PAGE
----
By their own admission, Coalition politicians don’t bother reading reports to inform their opinion before they shoot their mouths off – Abbott with the BHP Olympic Dam report, Pyne with the original Gonski report, MacDonald with the Forgotten Children report, Kelly with the Finkel report – they have their ingrained ideological views that will not be swayed by expert analysis of the facts.
It seems they also don’t pay attention to the conclusions in their own budget statements.
The 2014-15 budget reported that investment by non‑resources businesses remained subdued despite low interest rates and high business confidence.
“This is consistent with reports from Treasury’s business liaison which suggests firms are reluctant to invest until they have a clearer sense that demand is improving.”
Moving on to the 2017-18 budget, the problem remains the same.
“the subdued recovery in non-mining business investment in Australia remains something of a puzzle, as supportive conditions have been in place for some time. Business borrowing costs are near record lows, business confidence is solid and capacity utilisation in the non-mining sector is above its long-run average.”
Even though there has been stronger growth in dwelling investment, it “is more than offset by softer than expected household consumption.”
Very slow wage growth is mentioned several times as being a drag on the economy.
“Aggregate wages growth remains low by historical standards — a phenomenon present in many advanced economies — and is anticipated to be lower in each year from 2016-17 to 2019-20 than expected at the 2016-17 MYEFO. The slowdown in wage growth has been widespread across industries and States. Wages growth is expected to improve as domestic demand strengthens but the outlook for wage growth remains subdued in the near term.”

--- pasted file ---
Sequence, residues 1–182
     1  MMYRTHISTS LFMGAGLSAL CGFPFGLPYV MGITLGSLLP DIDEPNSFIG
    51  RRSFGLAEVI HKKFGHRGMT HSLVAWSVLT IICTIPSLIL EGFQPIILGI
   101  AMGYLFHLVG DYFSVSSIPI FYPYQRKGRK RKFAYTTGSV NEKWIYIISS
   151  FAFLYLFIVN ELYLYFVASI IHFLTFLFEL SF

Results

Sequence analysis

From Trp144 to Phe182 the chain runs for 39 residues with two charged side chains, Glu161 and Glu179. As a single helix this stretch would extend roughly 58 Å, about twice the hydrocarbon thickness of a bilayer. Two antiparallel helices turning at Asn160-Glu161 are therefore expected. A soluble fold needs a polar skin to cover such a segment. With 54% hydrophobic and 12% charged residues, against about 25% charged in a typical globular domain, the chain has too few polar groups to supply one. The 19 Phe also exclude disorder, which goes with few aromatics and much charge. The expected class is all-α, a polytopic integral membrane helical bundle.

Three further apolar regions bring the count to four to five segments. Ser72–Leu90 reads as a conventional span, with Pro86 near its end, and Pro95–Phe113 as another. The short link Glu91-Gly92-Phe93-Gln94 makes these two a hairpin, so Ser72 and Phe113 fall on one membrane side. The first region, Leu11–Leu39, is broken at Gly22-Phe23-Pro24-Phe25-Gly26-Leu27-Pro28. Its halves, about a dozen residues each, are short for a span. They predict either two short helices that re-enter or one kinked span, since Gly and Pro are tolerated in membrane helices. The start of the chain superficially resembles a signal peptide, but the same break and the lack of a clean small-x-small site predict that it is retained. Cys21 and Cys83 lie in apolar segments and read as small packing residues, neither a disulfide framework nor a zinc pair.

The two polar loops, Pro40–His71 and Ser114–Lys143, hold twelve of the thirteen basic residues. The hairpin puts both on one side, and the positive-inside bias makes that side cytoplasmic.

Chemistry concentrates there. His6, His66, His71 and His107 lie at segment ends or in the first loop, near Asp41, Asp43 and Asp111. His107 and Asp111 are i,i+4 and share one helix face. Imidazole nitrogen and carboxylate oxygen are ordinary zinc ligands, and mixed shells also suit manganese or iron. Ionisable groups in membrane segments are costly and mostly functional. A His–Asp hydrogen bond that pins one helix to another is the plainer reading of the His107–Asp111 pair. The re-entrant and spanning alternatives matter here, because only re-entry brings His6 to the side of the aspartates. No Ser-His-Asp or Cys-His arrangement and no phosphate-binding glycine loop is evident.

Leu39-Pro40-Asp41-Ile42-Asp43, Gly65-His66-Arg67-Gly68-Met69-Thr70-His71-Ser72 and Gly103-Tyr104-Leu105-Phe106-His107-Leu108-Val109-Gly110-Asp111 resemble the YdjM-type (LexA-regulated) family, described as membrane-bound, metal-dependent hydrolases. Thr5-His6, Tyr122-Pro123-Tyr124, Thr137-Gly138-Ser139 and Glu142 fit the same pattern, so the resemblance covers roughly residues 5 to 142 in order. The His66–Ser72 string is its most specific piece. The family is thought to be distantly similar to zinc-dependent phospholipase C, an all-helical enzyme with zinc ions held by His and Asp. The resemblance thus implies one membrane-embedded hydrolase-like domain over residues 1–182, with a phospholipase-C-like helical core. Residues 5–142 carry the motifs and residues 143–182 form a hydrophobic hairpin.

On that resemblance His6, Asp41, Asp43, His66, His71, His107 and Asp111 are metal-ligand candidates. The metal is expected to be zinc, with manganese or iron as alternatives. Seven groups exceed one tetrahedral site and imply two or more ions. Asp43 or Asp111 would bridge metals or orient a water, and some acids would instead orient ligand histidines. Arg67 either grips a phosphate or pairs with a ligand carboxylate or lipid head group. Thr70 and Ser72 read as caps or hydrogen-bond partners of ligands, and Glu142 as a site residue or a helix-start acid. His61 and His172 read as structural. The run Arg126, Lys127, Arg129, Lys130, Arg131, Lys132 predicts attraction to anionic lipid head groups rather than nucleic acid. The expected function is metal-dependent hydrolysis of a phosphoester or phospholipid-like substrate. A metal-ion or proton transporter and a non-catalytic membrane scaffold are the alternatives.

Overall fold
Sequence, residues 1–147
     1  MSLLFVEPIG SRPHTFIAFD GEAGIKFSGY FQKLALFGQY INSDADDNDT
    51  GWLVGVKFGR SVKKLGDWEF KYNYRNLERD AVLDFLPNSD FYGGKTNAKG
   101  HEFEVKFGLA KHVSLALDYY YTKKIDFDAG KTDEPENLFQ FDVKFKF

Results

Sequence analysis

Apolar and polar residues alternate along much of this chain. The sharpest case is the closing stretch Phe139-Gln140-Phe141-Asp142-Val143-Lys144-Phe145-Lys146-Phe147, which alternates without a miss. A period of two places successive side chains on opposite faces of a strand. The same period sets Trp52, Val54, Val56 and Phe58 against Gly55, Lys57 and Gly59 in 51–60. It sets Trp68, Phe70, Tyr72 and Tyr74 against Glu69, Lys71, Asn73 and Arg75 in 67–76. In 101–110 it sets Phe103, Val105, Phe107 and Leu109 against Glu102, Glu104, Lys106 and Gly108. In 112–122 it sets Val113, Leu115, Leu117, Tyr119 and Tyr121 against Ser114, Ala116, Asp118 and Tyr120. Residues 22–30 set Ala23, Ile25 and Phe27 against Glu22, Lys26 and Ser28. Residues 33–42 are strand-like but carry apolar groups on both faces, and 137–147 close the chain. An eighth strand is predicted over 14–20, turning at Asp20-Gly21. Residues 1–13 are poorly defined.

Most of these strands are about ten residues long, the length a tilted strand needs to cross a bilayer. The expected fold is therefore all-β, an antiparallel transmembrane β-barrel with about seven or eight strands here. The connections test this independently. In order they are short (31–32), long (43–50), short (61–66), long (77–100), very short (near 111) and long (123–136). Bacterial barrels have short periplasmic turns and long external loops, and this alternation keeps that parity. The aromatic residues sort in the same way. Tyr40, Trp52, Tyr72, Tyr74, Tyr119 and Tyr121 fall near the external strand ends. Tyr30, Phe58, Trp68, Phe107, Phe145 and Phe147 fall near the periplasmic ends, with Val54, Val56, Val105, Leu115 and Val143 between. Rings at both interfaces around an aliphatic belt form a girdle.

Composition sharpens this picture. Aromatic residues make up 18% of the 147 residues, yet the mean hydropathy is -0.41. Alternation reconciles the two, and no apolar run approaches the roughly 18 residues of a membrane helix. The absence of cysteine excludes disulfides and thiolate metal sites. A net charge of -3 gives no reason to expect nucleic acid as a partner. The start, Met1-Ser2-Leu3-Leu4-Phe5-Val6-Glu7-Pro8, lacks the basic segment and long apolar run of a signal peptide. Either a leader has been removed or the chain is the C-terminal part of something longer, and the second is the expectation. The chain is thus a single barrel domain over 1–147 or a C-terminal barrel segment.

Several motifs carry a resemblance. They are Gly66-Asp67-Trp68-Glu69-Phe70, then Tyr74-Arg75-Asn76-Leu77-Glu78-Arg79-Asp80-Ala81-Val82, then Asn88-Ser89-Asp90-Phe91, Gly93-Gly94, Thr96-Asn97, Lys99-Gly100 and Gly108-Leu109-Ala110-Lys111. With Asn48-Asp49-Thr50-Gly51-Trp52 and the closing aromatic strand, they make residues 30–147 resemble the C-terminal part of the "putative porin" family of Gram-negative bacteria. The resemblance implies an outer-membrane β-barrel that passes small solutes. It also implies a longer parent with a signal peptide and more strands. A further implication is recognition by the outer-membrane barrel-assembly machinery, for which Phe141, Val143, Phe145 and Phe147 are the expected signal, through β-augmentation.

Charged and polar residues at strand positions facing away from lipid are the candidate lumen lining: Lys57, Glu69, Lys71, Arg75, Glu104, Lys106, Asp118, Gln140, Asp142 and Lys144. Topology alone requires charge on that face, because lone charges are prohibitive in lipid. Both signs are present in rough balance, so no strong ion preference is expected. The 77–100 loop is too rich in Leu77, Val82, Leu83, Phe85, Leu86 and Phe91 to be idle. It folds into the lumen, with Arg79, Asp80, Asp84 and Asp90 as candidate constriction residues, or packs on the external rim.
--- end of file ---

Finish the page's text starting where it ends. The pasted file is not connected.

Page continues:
Company profits, however, are on the rise.
“Corporate profitability is expected to improve, lifting expected receipts from company tax from 2017-18. However, aggregate wages growth is expected to be weaker, resulting in downward revisions to receipts from personal income tax.”
GST receipts have been revised down due to “lower nominal consumption” and superannuation fund tax has also been revised down “reflecting weaker aggregate wages and weaker-than-expected collections.”
The amount of tax collected each year depends on both the size and composition of national income. Most income is ultimately earned either as wages or business profits. The greater the share of income that comes from company profits compared to wages, the lower the tax revenue because wage earners generally pay a higher rate than companies. Higher wage income also results in higher consumption and superannuation contributions, which are also subject to taxation.
Overall, forecast total tax receipts have been revised up in the five months between last year’s MYEFO and this year’s budget, but only because the government who never raises taxes (if you ignore the GST which was a great big new tax which added 10% to the price of everything) is “increasing the Medicare levy by half a percentage point from 1 July 2019, introducing a major bank levy, improving the integrity of GST on property transactions and introducing a Skilling Australians Fund levy.”
It is screamingly obvious that investment is driven by demand and that consumption is driven by wages but don’t expect this government to act on that. They will continue to attack unions, attack penalty rates, push for more flexible employment (read erosion of workplace benefits and job security), freeze superannuation guarantee increases, reduce welfare payments, and do everything in their power to increase profits for business at the expense of the worker and tax revenue for the country.
Talk about shooting yourself in the foot.